Managing Cash Flow and Liquidity
Cash flow is the lifeblood of a company. Too many businesses fail to recognize cash flow problems early enough and run out of liquidity as a result. It’s a common myth that cash flow problems afflict only companies with poor sales. Even a company with rapid growth in sales could find out that it is not generating enough cash flow to sustain the business. Savvy business owners have cash flow and liquidity numbers at their fingertips. What about the rest?
What can you do to make sure that your company does not turn out to be a victim of poorly managed cash flow? You can be proactive in really understanding your cash flow and taking action when you detect problems. Do you need to be an accounting or finance whiz to do this? No! Anybody with a calculator can do some basic analysis that can be sufficient to serve as a barometer for the health of your business. Every business owner need to stay on top of these numbers, even if they have outsourced the accounting function.
Let’s explain a few simple concepts and take a look at some quick calculations that you can use.
How to Use These Ratios
While there are some industry benchmarks that you can use to determine where you fall, what’s applicable to others may not be right for you. If your business has been in operation for some time, you can look at how the ratios compare to ones that your business has seen historically. Whether you calculate and evaluate these ratios on a monthly or quarterly basis is up to you and the frequency at which you update your financial statements. Obviously, more frequently is better. Look at the overall trend, don’t just look at a ratio in isolation.
Do consider seasonality in your business, if there is any, as that could make some ratios diverge significantly from other parts of the year. Not all of these ratios will be applicable to everyone. For example, if you are a services business, the inventory turns ratio will not apply to you.
Quick Ratio = (Current Assets – Inventory) / Current Liabilities
Current assets include cash and other assets that could be converted into cash within a year. Examples are accounts receivable, inventory, pre-paid expenses, etc.
Current Liabilities include amounts that are due to your creditors (suppliers, banks, etc.) within a year.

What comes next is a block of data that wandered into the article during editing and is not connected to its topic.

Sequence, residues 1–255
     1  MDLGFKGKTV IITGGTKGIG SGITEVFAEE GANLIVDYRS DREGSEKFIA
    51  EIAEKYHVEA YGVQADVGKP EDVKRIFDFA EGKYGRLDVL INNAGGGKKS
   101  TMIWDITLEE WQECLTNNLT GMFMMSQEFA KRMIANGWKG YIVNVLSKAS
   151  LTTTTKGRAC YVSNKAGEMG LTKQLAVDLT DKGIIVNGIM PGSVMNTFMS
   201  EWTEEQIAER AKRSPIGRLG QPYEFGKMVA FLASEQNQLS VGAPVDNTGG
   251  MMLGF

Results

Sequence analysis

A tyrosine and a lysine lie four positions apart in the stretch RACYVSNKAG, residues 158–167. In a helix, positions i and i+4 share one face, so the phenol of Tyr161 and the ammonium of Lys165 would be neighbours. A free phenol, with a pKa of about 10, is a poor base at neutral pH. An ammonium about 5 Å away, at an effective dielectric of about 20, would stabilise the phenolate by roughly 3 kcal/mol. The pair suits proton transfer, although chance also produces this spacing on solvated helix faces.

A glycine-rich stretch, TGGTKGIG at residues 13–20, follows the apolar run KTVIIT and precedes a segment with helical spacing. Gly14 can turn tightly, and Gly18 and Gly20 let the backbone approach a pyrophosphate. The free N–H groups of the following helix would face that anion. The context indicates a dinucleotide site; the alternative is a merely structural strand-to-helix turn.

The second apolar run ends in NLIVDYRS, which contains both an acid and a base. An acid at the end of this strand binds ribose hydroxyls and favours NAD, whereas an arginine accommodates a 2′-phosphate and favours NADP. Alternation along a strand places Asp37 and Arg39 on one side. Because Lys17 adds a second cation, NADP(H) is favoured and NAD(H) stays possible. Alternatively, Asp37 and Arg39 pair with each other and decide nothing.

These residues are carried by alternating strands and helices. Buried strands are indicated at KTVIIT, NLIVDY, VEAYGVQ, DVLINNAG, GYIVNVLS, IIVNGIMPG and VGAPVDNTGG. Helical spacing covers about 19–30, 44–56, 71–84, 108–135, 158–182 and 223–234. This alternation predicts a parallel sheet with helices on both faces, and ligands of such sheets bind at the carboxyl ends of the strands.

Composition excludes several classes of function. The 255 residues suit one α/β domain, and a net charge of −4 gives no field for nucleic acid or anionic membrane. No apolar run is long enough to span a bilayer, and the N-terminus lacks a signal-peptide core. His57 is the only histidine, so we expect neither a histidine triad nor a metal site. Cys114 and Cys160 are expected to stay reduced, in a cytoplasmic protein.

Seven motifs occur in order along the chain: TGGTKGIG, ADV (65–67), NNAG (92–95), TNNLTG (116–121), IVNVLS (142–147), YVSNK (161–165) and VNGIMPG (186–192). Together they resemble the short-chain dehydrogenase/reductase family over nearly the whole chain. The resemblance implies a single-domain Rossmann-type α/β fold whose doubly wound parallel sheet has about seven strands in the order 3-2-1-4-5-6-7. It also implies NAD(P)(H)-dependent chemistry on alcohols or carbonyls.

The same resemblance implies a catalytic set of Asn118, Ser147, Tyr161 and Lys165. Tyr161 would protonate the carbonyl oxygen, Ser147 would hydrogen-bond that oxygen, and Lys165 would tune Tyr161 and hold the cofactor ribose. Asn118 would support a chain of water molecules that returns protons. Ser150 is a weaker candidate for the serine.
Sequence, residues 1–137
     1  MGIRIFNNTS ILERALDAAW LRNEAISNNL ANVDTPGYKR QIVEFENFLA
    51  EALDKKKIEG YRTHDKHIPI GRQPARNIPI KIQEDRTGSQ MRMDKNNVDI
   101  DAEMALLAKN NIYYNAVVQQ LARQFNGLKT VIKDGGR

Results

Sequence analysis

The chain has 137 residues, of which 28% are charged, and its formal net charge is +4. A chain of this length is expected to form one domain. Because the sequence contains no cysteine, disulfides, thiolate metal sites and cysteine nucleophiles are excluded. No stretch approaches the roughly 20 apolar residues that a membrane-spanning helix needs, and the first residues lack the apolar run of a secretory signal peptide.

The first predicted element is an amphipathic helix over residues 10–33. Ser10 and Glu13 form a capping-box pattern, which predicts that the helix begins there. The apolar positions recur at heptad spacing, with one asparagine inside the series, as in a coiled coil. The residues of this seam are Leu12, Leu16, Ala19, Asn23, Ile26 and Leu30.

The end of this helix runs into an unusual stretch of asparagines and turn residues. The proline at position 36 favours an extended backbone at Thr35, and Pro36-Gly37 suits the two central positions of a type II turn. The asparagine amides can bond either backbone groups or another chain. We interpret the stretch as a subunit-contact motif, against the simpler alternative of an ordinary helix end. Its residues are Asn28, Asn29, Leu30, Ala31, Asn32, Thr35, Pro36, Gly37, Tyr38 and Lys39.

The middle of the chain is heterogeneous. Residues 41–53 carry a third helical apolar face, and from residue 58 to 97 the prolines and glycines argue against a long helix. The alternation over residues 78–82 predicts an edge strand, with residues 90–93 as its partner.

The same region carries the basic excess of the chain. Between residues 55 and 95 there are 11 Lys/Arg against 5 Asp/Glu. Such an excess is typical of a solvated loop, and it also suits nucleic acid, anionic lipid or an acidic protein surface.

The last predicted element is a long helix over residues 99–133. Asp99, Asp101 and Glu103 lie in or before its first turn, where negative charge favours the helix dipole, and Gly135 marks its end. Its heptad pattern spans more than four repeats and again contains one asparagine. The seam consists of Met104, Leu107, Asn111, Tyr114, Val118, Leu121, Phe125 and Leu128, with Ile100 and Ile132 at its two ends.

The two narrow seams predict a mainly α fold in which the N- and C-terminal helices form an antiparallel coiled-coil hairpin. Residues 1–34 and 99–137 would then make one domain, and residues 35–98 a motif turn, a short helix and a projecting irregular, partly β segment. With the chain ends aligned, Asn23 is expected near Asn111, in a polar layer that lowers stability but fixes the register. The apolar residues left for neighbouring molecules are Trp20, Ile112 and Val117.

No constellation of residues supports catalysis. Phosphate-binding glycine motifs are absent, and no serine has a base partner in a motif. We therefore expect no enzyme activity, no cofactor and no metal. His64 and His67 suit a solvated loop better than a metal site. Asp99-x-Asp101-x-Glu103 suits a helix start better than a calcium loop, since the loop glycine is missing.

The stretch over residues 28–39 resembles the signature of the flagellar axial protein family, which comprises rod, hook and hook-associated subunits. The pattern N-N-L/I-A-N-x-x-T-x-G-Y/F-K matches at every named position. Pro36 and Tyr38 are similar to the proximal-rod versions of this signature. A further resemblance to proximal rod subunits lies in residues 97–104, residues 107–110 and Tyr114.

What it means: This ratio measures your businesses liquidity, i.e., how much cash can your business raise by selling its assets. Some people calculate the Current Ratio, which does not exclude inventory from the numerator .
How to look at this ratio: A company with a Quick Ratio less than 1 cannot currently pay back its liabilities and could be considered insolvent if all liabilities come due, i.e., creditors demand their money back. The higher the ratio, the more liquid the company is. Quick ratios higher than 2 are generally considered good.
Inventory Turnover = Cost of Goods Sold / Average Inventory
What it means: Inventory turnover tell you how much your inventory turns in a given period, or in other words, how long your goods stay in inventory. Some people use sales rather than the cost of goods sold as the basis of calculation.
How to look at this ratio: The higher the ratio, the better it is for your company. A high ratio implies that your inventory sits on the shelf for a shorter time. The longer inventory stays on your shelf, the more capital is tied up in the business. You also run the risk of declining prices if your goods sit in inventory for too long.
Collection Period or Number of Days Receivable
Collection Period (in days) = Accounts Receivable / Credit Sales per Day
Credit sales per day are calculated as your total sales on credit (remember, these are the only sales generating receivables), divided by the number of days, i.e., 365 for a year.
What it means: This ratio tells you the average time lag between your sales and collection of cash.
How to look at this ratio: You should look at this number in conjunction with the credit terms you give to your customers. For example, if you give your customers 60 days to pay you back, a number less than 60 days would be good. Watch for any creep upwards on this number, especially as you sign on new customers, as it could give you advance warning about the credit quality of your customers.
Payables Period (in days) = Accounts Payable / Credit Purchases per Day
Credit purchases per day are calculated as the total purchases you make on credit (these generate accounts payable), divided by the number of days in the period. For annual purchase data, you would divide this number by 365.
What it means: This ratio tells you the average time between your purchases and payments.
How to look at this ratio: The higher this ratio the better it is, as long as you are not delinquent and you are acting within the terms given to you by your suppliers. A high ratio implies that you are getting good credit terms from your suppliers. Credit given to you is a source of additional liquidity and is always good. Another way of looking at this ratio is to compare it to your collections period. If your collections period is significantly longer than your payables period, it means that you need to invest significant working capital to sell your goods.